Following the widespread success of ‘First Love’, Emmy The Great has finally returned after a long, long two year wait with a poignant, cathartic record that follows the further development of a hugely important artist.
Written in the aftermath of the widely circulated breakdown of her engagement -as her atheist partner left for a life of religious conversion- Emma-Lee Moss chronicles personal tragedy through allegory and euphemism, as the sombre and contemplative record retains a scarcely voiced optimism throughout, with the richly produced acoustics embellishing the album with the necessary sense of interiority and sobriety.
Whilst ‘First Love’ retained a fiercely guarded independence in the dominance of Emmy’s solo acoustic work, ‘Virtue’ is a gloriously lavish record, as her backing band become more than a sole instrument to fill the breaks in rhythm. In particular, Euan Hinshelwood’s input has become more apparent; though Emmy is still the focal artist of the album, there is an increased sense of collectiveness in the sound, with the individual nuances of the piano and the harp perfectly accentuated through the production work of Gareth Jones. Though ‘Virtue’ is still resolutely the delicate child of Emmy The Great’s heartache and desperation, the sound is not as isolated as her debut, with the lush depth to the record inspiring the lyrics with a hopeless optimism. The delicacy of the rapid vocal delivery is retained, but the soaring harmonies of tracks such as ‘Exit Night/Juliet’s Theme’ allow Moss to demonstrate the full capacity of the impossibly beautiful voice she possesses.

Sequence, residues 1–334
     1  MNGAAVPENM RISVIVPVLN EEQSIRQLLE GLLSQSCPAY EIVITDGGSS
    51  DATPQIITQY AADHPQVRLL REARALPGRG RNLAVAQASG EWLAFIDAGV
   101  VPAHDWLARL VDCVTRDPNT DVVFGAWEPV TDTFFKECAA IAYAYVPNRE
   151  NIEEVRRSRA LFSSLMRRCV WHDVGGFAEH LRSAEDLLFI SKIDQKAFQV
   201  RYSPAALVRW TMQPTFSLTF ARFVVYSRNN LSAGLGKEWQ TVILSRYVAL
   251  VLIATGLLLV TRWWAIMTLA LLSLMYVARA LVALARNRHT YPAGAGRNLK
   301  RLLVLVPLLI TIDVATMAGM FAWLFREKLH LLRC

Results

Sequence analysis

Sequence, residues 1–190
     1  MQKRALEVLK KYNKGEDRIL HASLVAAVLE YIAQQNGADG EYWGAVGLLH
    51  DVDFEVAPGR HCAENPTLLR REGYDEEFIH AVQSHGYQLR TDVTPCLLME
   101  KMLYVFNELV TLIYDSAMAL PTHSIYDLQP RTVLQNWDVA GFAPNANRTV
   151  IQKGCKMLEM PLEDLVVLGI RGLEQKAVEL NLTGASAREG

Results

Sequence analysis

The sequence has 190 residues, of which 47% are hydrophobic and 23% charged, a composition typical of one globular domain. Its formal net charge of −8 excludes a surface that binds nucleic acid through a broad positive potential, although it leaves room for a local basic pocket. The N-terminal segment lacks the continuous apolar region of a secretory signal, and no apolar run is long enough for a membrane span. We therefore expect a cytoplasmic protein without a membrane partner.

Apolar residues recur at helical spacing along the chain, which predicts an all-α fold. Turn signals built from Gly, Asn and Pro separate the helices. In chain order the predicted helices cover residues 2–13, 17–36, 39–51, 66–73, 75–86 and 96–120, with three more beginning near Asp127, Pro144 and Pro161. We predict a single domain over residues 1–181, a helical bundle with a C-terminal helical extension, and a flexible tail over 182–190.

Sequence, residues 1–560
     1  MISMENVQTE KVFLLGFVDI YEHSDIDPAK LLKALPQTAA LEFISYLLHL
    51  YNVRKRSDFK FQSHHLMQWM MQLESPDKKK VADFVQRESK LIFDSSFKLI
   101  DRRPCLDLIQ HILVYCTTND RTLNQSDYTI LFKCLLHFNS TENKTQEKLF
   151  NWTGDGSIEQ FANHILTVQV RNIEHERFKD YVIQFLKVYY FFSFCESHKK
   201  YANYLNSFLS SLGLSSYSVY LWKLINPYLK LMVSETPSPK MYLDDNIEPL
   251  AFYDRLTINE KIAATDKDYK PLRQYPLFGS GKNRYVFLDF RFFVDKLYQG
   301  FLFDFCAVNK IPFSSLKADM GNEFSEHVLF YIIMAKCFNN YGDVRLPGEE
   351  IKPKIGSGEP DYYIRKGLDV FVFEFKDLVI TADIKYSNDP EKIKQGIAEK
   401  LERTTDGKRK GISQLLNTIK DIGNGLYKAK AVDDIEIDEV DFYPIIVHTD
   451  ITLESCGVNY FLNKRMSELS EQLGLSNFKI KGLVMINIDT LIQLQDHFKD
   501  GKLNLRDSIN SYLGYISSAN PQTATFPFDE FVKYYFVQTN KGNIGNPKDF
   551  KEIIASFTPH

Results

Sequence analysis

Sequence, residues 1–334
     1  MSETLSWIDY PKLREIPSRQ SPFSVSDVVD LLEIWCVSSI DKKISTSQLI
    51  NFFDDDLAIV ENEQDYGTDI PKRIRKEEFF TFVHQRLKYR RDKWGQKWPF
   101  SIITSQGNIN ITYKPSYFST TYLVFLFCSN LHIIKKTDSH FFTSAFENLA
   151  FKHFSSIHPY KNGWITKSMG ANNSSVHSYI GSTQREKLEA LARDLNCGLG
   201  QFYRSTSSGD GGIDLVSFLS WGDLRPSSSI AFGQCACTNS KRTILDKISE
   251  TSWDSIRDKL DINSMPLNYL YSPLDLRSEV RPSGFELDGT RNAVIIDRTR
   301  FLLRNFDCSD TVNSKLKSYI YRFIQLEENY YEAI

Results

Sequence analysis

As opposed to the arguably insecure ‘First Love’, ‘Virtue’ represents the artist’s natural development as she transposes the dramatic poetry of Regina Spektor on ‘A Woman, A Woman, A Century Of Sleep’, with the imperious country lilt of Caitlin Rose on ‘Creation’. There is a sense of innocent intrigue to the album, as Moss looks within for comfort, rather than the bleak pessimism of similar themes recently explored by Noah and the Whale. The devastatingly bare conclusion of ‘Trellick Tower’ is a bleak recollection of “kneeling to address the sky”, implausibly voicing the anguish of her break-up, yet retaining an honesty and accessibility outside of the rife metaphors which hide much of the despair of the album.
‘Paper Forest’ is a haunting song that recalls the early demos of Emmy in the swift delivery that became her trademark, with the pendulous strings informing the urgency of the track. It also features the wonderful poetry of “the afterglow of rapture”, which comes to encapsulate the overall theme of the record, as a broken poet coming to terms with loss. The first official release is ‘Iris’, which builds on a simple, rumbling bass line, courtesy of a militaristic drum repeat, to builds to a crescendo in the release of the next verse. It is catchy and joyous in equal measure, and serves as a healthy reminder that this isn’t necessarily a melancholy record to serve as a eulogy for a past relationship. The shimmering harp cascades throughout, infusing the track with a confidence that forms a benchmark for the album.
After waiting for what feels like forever in eager anticipation for ‘Virtue’, it would have been so easy to dismiss it and be scathing, but the truth is that there is absolutely no weakness to the album, and represents a genuinely fantastic sophomore effort for an artist who is determinedly fulfilling her limitless potential.